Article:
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This fitted sea chest was used by Benjamin Joy, an East India merchant who served as the first U.S. Consul to India. It was probably made in India and accompanied Joy on his return voyage to Boston.
Benjamin Joy was born in Boston in 1757, the son of John Joy, a merchant and housewright, and Sarah Homer. John Joy was closely associated with the unpopular administrations of colonial Governors Thomas Hutchinson and Thomas Gage and in 1776 left Boston (from which he was later banished), fleeing to Halifax and later to England. After the revolution, John remained in England, but his sons John and Benjamin returned to America where John, an apothecary, and Benjamin, a merchant, settled in Boston. John Joy built his “country estate” on almost 2 ½ acres bounded by present day Beacon, Walnut, Mt. Vernon, and Joy streets that were once the “elm pasture” of witchcraft trial Judge Samuel Sewall. Joy Street (formerly Belknap Street) was formally adopted as the name of the street that bounded the northern side of his property in 1851.
In 1792, Benjamin Joy, who had made voyages to India after the American Revolution, was appointed consul to India by President George Washington. He arrived in Kolkata (formerly Calcutta) in April 1794. Although the British East India Company did not recognize Joy’s status, this marked the beginning of diplomatic relations between the United States and India.
After brief service as consul, Joy returned to Boston, where in 1797 he married Hannah Barrell, the daughter of Joseph and Hannah Barrell. Together they had 12 children. In 1808, Benjamin purchased the property of the First Church on Cornhill Square, on which he erected “Joy’s Building,” a Boston mercantile landmark for decades. He was also a member of the “Mount Vernon proprietors,” a group that acquired and developed the land of Loyalist John Singleton Copley on Beacon Hill. From Copley’s vantage point in England, the land seemed like a worthless cow pasture, but, due to the impending (unknown to Copley) construction of the Massachusetts State House, was in fact quite a valuable parcel. Benjamin died in Boston 14 April 1829 and is buried in the Old Granary burying ground.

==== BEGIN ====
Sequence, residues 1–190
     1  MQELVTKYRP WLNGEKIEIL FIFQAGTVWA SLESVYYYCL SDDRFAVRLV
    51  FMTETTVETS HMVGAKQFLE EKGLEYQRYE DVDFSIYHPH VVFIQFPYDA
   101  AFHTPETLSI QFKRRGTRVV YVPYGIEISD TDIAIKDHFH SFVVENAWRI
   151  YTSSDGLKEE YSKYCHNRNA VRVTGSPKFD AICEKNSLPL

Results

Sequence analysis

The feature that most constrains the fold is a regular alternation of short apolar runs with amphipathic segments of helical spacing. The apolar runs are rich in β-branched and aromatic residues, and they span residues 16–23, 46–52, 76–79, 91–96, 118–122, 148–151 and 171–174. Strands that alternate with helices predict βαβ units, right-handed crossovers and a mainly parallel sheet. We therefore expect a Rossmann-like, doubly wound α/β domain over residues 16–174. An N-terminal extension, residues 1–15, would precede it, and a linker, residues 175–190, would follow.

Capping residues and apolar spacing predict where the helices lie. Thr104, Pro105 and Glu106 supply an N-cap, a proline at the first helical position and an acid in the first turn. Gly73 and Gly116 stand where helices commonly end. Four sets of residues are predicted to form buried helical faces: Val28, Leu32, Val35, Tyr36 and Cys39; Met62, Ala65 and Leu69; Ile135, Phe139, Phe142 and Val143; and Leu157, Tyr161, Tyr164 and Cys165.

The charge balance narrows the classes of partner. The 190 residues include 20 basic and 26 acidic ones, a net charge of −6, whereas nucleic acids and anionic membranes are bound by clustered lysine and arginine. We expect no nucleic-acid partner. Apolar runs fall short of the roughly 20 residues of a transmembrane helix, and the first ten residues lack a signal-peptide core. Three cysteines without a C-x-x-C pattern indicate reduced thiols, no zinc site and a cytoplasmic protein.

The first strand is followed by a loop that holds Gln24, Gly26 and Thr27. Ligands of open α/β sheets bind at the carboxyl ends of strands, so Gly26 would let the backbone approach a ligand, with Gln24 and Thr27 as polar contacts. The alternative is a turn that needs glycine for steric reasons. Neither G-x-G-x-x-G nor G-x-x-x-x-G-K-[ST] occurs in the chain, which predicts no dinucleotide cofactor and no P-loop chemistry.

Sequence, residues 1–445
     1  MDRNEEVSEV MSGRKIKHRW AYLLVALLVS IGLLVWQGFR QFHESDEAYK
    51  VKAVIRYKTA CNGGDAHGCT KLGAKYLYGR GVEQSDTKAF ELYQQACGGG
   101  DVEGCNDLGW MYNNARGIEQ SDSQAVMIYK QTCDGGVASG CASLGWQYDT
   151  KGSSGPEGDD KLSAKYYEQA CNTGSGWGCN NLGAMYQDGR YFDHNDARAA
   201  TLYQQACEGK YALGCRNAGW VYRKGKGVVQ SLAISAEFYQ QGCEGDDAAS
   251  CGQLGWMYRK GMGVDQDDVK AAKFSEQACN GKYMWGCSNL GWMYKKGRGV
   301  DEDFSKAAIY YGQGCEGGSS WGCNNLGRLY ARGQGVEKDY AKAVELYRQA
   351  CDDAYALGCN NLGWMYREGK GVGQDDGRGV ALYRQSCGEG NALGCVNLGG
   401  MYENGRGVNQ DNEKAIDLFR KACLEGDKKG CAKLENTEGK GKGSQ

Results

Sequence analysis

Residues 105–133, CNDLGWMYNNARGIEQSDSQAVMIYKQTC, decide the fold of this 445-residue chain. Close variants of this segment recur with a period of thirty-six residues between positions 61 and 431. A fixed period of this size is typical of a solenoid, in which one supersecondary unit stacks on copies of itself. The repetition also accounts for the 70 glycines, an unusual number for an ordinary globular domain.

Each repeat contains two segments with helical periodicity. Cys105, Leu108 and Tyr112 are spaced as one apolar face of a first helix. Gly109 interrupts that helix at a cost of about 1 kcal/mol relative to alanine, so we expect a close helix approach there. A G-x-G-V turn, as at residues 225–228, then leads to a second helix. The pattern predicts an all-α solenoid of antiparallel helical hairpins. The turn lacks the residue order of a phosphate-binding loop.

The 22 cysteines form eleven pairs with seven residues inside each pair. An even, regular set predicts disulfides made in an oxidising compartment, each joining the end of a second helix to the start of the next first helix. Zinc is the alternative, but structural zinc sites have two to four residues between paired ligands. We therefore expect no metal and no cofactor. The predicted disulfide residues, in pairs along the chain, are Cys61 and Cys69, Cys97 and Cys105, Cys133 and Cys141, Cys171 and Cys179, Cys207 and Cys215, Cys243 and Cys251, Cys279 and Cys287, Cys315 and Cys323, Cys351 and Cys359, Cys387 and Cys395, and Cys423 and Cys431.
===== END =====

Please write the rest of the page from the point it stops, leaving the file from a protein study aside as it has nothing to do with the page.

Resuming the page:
Portable chests were indispensable on long sea voyages. In 1795, Benjamin Joy’s voyage from Kolkata to Boston took 216 days and his chest would have proved both useful and luxurious. Made of mahogany (suggesting Indian manufacture) with brass fittings and Wedgwood porcelain, this chest provides a felt-covered writing surface, secure compartments to hold ink and other liquids, more compartments for brushes and a sewing kit, a wash-basin, mirror, drawers, chamber pot, and even a bidet. The chest was given to the Massachusetts Society in 1951, by another Benjamin Joy, the great-grandson of the original owner.
Arora, Anupama and Rajender Kaur, editors. India in the American Imaginary, 1780s-1880s. Palgrave Macmillan, 2017
Bean, Susan S. Yankee India: American Commercial and Cultural Encounters with India in the Age of Sail 1784-1860. Salem, Mass.: Peabody Essex Museum, 2001.
Bhagat. G. Americans in India: 1784-1860. New York: New York University Press, 1970.
Joy, Benjamin. Papers. Massachusetts Historical Society.
--The Massachusetts Historical Society manuscript collection includes letters from Benjamin Joy to George Cabot and others describing his service in India and decision to resign and return to the U.S.
--The Benjamin Joy Papers, 1801-1823, relate to his investment in later voyages to South America.
--The George Joy Letters, 1791-1836, are letters received by Benjamin’s brother George, who remained in England, and include letters from Benjamin.
Joy, James Richard. Thomas Joy and his Descendants. New York: Printed for the family, 1900.
Stark, James H. The Loyalists of Massachusetts and the Other Side of the American Revolution. Boston: J. H. Stark, 1910